HM Prison Barlinnie, HM Prison Peterhead, HM Prison Perth, Stonehaven Tolbooth, Jedburgh Castle
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Duke Street Prison is one of 8 prisons which used to stand in and around Glasgow. By 1840 most of these were closed except Duke Street Prison (also known as Bridewell or the Northern Prison) and Glasgow Green Prison (known as 'Burgh' or the Southern Prison) which closed in 1863. Between its first prisoners arriving in 1798 and 1872, various improvements were made to the structure but not to the terrible living conditions which were mentioned in the Glasgow street song sung to the tune of 'There Is a Happy Land'.There is a happy land,doon Duke Street Jail,Where a' the prisoners stand,tied tae a nail.Ham an' eggs they never see,dirty watter fur yer tea;there they live in miseryGod Save the Queen!
After the transfer of responsibility to the state from local authorities, HM Prison Barlinnie was built in the Eastern suburbs of the city in 1882 in order to take over from 'Bridewell' which eventually remained open as a women's prison until 1955.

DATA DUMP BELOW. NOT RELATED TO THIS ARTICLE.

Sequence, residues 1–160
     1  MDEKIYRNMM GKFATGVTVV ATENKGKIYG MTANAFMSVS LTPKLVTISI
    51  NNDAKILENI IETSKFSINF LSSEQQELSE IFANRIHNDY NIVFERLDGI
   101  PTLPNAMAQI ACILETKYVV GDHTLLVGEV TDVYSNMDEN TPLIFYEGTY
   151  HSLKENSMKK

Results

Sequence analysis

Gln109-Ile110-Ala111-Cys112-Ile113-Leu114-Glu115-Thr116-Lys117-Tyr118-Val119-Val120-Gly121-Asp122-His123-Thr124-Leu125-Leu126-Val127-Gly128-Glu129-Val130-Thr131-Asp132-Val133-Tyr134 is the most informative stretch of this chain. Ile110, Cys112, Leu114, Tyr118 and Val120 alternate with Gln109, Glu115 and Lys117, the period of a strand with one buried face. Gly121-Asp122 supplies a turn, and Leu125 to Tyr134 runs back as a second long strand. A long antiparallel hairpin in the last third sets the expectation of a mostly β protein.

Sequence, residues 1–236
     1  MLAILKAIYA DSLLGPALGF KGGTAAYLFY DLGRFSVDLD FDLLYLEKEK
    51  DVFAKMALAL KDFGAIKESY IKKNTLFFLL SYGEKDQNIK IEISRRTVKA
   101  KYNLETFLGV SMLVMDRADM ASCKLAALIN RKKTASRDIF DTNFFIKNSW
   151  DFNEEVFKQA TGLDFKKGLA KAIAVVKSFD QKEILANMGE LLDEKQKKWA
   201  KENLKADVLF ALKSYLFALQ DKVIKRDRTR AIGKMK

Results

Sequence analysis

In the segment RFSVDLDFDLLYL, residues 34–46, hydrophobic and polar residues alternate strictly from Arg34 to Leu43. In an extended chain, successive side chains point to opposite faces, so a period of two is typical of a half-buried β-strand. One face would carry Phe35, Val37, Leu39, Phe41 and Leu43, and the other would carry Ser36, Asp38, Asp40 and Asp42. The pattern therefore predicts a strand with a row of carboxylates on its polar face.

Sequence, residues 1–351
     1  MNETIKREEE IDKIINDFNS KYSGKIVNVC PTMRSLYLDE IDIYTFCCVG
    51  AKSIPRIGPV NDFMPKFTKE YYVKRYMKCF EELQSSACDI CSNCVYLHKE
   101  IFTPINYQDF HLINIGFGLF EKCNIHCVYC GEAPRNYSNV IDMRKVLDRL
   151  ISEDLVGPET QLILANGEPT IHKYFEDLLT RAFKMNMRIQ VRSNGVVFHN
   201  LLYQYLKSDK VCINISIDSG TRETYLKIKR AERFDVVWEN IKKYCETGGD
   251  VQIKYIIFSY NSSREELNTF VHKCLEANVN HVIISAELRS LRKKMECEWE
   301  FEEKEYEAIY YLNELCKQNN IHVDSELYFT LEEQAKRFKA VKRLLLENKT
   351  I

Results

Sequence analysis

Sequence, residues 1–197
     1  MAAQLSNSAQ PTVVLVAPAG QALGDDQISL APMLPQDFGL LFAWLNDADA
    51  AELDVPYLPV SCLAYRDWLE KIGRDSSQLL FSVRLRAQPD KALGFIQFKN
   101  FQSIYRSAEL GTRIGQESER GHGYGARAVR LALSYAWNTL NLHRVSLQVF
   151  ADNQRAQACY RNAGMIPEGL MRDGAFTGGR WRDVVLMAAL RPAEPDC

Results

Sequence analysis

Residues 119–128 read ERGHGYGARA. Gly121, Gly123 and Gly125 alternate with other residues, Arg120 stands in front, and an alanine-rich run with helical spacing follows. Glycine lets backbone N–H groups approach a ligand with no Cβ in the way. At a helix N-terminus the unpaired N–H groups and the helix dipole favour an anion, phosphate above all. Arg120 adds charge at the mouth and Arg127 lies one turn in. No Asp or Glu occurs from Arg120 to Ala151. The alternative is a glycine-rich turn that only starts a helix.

As Duke Street prison held women prisoners from around Scotland, many Suffragettes and political activists were imprisoned here whose protests at the living conditions would eventually lead to the closure in 1955. It was demolished in 1958 to eventually make way for the Ladywell housing scheme which was built on the site from 1961–1964 and stands till this day. The only remaining structure of Duke Street Prison is some of the boundary wall
A total of 12 judicial executions by hanging were carried out at the prison between 1902 and 1928. All those executed had been convicted of the crime of murder. The list of executed criminals includes the last woman to be executed in Scotland and at the time the first in over 50 years who was hanged after being convicted of strangling a paper boy. The others were:-
Photographs from 1955 onward taken by the camera clubs of the time have been on display throughout Glasgow and are now part of the Glasgow Museums collection.